The men’s and women’s halfpipe competiton of this Winter Olympics would have to have been the most talked about and anticipated events of the entire games. The press conference for the U.S snowboard halfpipe team was held in a 300 seat conference room, and was packed full of journalists, photographers and television crews from all around the world. There’s no question that having somebody like Shaun White competing has helped bridge the gap and make the Olympics watchable for the “X-Games/energy drink generation” and given it some credibility back. First up was men’s halfpipe, and given that the previous week it had rained on Cypress Mountain enough to wash pretty much all of the snow away, it was amazing there was even a pipe there to be ridden. Unbelievably againsts all the odds, the pipe building team at Cypress, headed up by Steve Petrie, pulled together a world class pipe when the world’s media had a magnifying glass on the event, and more importantly the condition of the playing field.
Men’s qualifying and finals was a somewhat surreal experience. I positioned myself at the top of the pipe right below Shaun’s first hit. I had watched him in practice and knew that it would be a good spot to get a few images and then move down to the bottom of the pipe for the finals. I also wantyed to be in a good position to capture the Aussies. Ben Mates, who is competing in his second games, and the newcomer Scotty James. Matesy made us all proud and advanced through to the semi finals – a first for an Australian male halfpipe rider!
All the venues at this Olympics that have snow “on the ground” require photographers to wear crampons (ice climbing spikes) to access any of these on snow shooting areas. In all my time shooting snowboarding, I have never had to wear Everest issue ice climbing spikes to hike a halfpipe. Uncomfortable, but you do what you have to do to get the shots.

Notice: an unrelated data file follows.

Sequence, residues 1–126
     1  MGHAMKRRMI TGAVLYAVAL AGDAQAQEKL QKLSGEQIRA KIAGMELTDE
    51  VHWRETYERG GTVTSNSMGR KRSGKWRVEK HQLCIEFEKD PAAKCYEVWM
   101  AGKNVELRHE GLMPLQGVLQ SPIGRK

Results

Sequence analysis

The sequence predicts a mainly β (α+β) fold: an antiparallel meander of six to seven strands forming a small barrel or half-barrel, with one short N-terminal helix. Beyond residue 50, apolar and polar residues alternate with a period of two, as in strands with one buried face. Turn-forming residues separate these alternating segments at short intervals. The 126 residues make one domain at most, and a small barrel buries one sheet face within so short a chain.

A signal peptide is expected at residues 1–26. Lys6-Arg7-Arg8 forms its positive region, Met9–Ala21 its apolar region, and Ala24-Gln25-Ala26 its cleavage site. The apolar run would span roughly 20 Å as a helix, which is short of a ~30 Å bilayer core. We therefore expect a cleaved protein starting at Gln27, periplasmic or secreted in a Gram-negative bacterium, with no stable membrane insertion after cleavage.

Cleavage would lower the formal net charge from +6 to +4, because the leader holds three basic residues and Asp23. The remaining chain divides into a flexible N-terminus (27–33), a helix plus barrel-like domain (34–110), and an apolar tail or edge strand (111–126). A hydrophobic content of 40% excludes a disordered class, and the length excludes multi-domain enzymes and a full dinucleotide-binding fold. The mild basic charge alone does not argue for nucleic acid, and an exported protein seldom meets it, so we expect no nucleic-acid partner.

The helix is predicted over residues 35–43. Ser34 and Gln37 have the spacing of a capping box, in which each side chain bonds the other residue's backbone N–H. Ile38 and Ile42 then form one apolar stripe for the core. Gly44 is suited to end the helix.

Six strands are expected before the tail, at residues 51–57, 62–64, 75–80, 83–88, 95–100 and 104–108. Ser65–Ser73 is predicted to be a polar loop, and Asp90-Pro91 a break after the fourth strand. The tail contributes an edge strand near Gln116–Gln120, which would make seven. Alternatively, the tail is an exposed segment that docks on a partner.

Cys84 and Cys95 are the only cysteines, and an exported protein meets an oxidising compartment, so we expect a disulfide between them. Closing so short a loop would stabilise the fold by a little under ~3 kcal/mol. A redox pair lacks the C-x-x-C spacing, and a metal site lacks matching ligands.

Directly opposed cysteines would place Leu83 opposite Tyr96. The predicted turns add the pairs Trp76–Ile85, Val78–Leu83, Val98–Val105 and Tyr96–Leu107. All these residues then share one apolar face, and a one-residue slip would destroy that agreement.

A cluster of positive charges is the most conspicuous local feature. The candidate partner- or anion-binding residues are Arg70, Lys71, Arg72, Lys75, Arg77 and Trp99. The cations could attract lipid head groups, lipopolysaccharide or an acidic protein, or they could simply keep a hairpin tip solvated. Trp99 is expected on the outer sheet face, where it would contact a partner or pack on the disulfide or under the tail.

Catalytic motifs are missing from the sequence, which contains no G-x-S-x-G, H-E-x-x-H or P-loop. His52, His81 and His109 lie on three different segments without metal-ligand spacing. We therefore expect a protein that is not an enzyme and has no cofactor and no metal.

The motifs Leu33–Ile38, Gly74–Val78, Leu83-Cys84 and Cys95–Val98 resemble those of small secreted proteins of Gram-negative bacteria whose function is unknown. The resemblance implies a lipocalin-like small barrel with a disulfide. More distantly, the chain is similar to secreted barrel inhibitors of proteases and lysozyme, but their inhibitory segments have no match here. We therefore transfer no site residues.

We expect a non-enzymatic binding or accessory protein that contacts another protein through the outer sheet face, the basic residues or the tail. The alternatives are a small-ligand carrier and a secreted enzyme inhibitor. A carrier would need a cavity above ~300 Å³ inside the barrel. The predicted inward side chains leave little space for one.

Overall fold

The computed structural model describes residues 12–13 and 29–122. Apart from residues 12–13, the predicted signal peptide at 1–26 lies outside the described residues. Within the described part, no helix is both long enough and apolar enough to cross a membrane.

In all the venues I’ve visited during this games, I have never seen so many photographers at one single event. I soon realised that this event, men’s halfpipe, was the event of the games – no question. There would have been at least 200+ photographers at the bottom of the pipe alone for the finals. It was mayhem.
Second day of the pipe was the ladies and for Australia it meant that we had two riders who were almost guaranteed to go top ten – that in itself is a big deal for our little non-winter sport country, Holly Crawford and Torah Bright. Holly was riding really stylishly and going large in practice, and Torah’s technical tricks such as her switch backside 720, were also looking great in practice. These girls were in form.
I have to hold back the good shots from the pipe as there will be a few going to print in the mags.
I also need to thank the legendary Sports Illustrated photographer Robert Beck for giving me a Clif Bar while we were lodged in our pipe positions for 8 hours. I didn’t realise that once in position on the pipe we weren’t allowed to move-for the whole competition, which meant eight hours in the one spot, and I had made the rookie mistake of not taking up water, food or sunglasses. Beck is a legend and was kind enough to force me to take one of his bars. I paid him back a couple of days later, and it was great to chat with someone of his experience who is just so down to earth and friendly. Top bloke!